Stacy Westfall: Teaching the Back-up


Two common mistakes that I see in the back-up are poor timing of the release and asking the horse to go forward too soon afterward.

Proper timing involves releasing the pressure on the horse’s mouth while he is still moving backward. For example, if your horse is standing still and you apply one pound of pressure evenly to both reins, he should back up. If he doesn’t, then continue to hold the pressure, even though he may chew the bit, pull on the reins or show other signs of resistance. As soon as he begins to take a step, preferably while his foot is in the air, release the reins. If you release after your horse has completed the step and has lost backward motion, you’re too late.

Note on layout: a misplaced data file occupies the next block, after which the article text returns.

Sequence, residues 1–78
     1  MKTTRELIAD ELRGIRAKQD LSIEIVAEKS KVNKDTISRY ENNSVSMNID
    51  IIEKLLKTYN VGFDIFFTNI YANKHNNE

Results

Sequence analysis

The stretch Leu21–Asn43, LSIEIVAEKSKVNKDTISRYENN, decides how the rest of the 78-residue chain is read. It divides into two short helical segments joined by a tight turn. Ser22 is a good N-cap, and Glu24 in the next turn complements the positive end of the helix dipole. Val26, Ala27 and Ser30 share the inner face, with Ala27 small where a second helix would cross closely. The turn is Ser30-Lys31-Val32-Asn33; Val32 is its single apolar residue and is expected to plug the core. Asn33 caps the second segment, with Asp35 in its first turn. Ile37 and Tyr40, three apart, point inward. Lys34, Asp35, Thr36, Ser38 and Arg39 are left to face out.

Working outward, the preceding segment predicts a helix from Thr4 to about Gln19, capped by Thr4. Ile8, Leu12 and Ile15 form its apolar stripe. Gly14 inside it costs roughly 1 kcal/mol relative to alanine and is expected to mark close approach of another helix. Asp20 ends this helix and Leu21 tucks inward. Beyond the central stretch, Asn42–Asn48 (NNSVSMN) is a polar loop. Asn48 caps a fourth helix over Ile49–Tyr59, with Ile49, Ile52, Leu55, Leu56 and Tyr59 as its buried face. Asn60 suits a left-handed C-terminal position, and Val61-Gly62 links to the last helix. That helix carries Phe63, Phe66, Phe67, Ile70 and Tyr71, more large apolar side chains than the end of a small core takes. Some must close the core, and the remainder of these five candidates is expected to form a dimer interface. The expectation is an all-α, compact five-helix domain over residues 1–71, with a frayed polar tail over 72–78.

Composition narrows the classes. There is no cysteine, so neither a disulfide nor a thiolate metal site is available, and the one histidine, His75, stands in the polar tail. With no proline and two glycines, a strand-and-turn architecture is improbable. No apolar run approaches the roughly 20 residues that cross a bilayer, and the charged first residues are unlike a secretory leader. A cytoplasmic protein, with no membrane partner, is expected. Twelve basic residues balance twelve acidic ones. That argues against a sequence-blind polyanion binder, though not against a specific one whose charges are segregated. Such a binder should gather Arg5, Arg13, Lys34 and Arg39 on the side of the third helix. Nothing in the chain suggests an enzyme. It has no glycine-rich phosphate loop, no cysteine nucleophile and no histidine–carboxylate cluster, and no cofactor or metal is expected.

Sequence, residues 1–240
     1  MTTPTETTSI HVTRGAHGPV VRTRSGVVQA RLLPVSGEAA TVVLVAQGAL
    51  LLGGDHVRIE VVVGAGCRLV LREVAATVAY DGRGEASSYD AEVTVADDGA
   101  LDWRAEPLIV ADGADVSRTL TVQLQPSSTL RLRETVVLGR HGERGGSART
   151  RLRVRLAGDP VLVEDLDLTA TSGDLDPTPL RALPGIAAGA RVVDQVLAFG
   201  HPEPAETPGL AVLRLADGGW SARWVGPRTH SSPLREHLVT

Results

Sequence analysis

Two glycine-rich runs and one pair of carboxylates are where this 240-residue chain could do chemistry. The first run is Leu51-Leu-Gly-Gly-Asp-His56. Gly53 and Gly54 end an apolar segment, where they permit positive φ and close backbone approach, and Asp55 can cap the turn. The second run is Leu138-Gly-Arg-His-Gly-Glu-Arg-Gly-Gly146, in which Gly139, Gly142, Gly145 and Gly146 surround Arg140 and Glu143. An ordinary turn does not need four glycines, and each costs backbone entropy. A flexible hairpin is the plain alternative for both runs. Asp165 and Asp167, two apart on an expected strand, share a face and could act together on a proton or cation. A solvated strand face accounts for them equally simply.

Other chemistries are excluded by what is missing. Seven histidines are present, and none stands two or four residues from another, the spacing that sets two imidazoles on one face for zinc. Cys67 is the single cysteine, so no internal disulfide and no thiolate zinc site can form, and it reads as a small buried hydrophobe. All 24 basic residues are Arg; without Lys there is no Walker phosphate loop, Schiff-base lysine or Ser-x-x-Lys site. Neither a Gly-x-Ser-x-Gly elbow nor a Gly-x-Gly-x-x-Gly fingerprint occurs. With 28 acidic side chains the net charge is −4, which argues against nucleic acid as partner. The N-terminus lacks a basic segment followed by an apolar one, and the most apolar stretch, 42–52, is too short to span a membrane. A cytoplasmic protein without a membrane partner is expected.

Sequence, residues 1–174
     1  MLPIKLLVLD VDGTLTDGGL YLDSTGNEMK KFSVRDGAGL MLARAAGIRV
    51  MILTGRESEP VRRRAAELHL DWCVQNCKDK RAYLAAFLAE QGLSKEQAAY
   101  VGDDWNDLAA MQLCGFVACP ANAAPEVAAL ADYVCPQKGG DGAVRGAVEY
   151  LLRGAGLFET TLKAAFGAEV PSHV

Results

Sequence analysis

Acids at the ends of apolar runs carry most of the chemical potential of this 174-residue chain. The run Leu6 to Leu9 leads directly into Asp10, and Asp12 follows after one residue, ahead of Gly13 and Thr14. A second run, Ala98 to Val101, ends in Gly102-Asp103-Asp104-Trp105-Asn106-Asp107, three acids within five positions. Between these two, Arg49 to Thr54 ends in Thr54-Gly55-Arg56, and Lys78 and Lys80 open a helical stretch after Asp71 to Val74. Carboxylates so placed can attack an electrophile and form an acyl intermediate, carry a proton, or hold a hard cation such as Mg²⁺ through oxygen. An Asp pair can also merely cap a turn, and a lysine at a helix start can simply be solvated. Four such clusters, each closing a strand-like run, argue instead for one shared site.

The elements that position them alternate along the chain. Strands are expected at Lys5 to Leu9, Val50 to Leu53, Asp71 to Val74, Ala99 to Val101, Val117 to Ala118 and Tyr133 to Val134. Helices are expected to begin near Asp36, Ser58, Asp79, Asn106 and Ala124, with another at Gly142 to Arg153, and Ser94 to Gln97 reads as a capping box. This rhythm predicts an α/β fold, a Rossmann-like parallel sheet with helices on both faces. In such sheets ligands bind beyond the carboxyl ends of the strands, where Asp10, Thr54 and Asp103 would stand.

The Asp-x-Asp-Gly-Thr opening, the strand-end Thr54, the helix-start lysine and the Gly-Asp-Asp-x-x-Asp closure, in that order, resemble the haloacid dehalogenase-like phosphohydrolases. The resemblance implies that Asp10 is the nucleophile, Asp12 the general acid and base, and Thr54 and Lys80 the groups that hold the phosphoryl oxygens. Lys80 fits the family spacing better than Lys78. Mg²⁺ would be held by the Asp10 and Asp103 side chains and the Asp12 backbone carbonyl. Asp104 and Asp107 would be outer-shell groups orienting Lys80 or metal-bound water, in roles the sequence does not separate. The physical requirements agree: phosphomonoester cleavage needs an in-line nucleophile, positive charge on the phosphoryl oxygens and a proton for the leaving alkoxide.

Once you’ve backed up, you have two choices: Stand for two to three minutes, or turn your horse at least 180 degrees before moving forward. Avoid going directly forward after the stop because horses generally like to go forward more than they like to back up and will learn to anticipate this, eventually moving forward before they’re asked to.

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This article originally appeared in the May 2012 issue of Horse Illustrated. Click here to subscribe.


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